Winter- While Kentucky lay to the north of the major winter range, sporadic wintering even of very large numbers of pigeons seems not to have been unusual. Bent (1932:400) mentioned wintering of numbers at Brookville, Indiana, not far north of the Ohio River, in 1853-1854. Langdon (1879:181) referred to wintering at Cincinnati, and a specimen from there (C.M.N.H.), dated January 4, 1883, is in the Dury collection (Maslowski and Dury, 1931:76). Maximilian, Prince of Wied, in 1843 (see Thwaites, 1906:195) reported the wintering of pigeons at New Harmony, Indiana, just north of the Ohio River, in 1832. Scattered records between December 8 and February from various Kentucky localities are given by Schorger (1955:272). Some of these indicate the irregularity, or seeming irregularity, of pigeon movements: thus "millions flying northward (from the Loutsville Courier for Jan. 23, 1858) on January 22, 1858, and "a great flight southward in February, 1820, at South Union, Logan County (Coombs, 1940:162). Some of these may have been birds flying between roosting and feeding areas, rather than flights in the migratory sense. The great roosts sometimes established in mast-producing deciduous forest evidently made a memorable impression, and major ones were long recalled even though the details became vague with time. Localities in Kentucky where the memory of roosts was still strong in the early 1900,s are found in Laurel, Pulaski, and Warren counties (Funkhouser, 1925:199"200), and in Calloway County (Davis, 1923:60). Large roosts were reported more definitely in the vicinity of Green River, probably not far from Henderson, in Audubon,s time there (Audubon, 1831:323"324), and in Ohio County in 1847 (Revoil, 1928, in translation) . Undoubtedly the localities of many others have been forgotten.
Disappearance - The great decline of the species seems to have occurred rather rapidly, a decrease becoming clearly evident about 1860 to 1870; the pigeon was very rare by 1890. According to Langdon (1879:181) the last truly great flight in the Cincinnati area occurred in the fall of 1865. At Bardstown, Nelson County, Beckham wrote (1885:43-44) that the species was still exceedingly common during some falls but [much decreased], and mentioned an enormous flight ... about fifteen years ago, perhaps the flight of 1865 mentioned by Langdon. Pindar (1925a:83) saw his last 2 pigeons in Fulton County on October 29, 1893. E. J. Chansler recorded a considerable flock in Knox County, Indiana, on September 1, 1894 (Butler, 1897:764). An immature male was secured 2 miles east of Owensboro, Davies County, on July 27, 1898, by one J. G. Taylor, and presented to the Smithsonian Institution (see editorial note, probably by Elliott Coues, in The Osprey, 3:12, September, 1898; not by Taylor as given in Schorger, 1955:288; see also Fleming, 1907:237) . As of its reception at the Smithsonian, The Osprey tells us, this specimen was the sole authentic result of a popular but spurious belief then prevalent that the Smithsonian was offering a large cash reward for pigeons. It may be the last authentic Kentucky record as well, although there is little reason to doubt the report of Col. Lucien Beckner (1927:55-56) of one killed 3 miles southwest of Winchester, Clarke County, on November 20, 1898, by his brother Seth Beckner. To the subsequent regret of everyone concerned, the specimen was eaten instead of preserved! Quoting a letter from Col. Beckner, Pindar (1925a:83) gave the date of the above record as 1897, but preference is to be given Beckner's published article, which is more explicit in every respect.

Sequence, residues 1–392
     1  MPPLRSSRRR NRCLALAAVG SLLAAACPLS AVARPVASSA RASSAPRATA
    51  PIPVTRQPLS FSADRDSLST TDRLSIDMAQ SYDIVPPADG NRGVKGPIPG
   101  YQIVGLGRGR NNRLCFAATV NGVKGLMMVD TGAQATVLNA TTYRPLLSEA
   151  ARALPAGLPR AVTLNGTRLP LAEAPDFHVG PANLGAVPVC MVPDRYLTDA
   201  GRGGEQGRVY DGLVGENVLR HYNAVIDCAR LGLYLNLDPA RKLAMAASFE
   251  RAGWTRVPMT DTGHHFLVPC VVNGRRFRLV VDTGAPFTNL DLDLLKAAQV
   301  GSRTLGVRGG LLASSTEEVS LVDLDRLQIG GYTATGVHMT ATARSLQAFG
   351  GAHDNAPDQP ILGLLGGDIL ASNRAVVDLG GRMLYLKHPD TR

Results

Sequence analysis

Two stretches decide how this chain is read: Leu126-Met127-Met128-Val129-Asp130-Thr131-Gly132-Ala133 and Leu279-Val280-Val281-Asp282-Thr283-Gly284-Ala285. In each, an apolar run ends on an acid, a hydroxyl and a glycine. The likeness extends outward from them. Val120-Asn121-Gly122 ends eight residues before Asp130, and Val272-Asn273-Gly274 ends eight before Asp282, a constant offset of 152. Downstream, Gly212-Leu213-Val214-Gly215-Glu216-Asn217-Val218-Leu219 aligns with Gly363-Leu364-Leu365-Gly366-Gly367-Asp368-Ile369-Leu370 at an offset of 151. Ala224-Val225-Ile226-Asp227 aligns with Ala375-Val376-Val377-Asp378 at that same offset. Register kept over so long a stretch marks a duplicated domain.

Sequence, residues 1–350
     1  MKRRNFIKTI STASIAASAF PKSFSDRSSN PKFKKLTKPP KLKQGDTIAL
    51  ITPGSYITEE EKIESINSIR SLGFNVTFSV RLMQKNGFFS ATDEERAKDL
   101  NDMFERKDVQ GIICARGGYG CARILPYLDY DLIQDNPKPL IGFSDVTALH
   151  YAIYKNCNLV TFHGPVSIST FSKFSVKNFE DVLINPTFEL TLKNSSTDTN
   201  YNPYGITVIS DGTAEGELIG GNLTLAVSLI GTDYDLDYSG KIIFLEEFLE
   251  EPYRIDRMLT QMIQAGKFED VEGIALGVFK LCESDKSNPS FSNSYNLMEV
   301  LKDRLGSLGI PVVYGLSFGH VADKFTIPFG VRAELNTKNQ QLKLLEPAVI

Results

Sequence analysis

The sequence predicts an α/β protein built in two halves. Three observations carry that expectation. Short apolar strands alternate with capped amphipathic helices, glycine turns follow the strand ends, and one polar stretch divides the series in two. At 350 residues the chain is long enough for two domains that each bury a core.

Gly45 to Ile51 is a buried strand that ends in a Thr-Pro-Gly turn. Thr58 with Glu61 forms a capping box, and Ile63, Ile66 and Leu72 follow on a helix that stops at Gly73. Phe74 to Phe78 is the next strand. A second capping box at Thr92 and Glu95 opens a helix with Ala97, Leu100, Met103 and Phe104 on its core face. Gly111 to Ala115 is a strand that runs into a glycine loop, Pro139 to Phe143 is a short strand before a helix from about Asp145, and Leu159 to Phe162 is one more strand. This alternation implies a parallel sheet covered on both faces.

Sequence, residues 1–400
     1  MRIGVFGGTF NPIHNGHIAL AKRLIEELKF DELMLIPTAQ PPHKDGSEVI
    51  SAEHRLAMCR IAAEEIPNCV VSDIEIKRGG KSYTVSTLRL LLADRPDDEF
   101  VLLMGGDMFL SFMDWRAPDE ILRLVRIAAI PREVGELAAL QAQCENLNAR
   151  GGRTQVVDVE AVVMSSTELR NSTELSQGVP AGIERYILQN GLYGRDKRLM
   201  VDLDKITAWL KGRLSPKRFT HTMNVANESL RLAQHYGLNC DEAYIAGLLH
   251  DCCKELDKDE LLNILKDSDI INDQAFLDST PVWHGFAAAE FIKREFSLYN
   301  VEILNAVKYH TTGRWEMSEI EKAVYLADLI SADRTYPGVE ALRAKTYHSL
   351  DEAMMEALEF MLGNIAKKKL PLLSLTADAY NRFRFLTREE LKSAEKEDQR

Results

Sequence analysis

Note- Various bones of the present species have been recovered from Indian materials (probably prehistoric) recently collected at Paducah, McCracken County, and studied by Glen E. Woolfenden (letter: October 27, 1961).
Contributed by Jim Forrest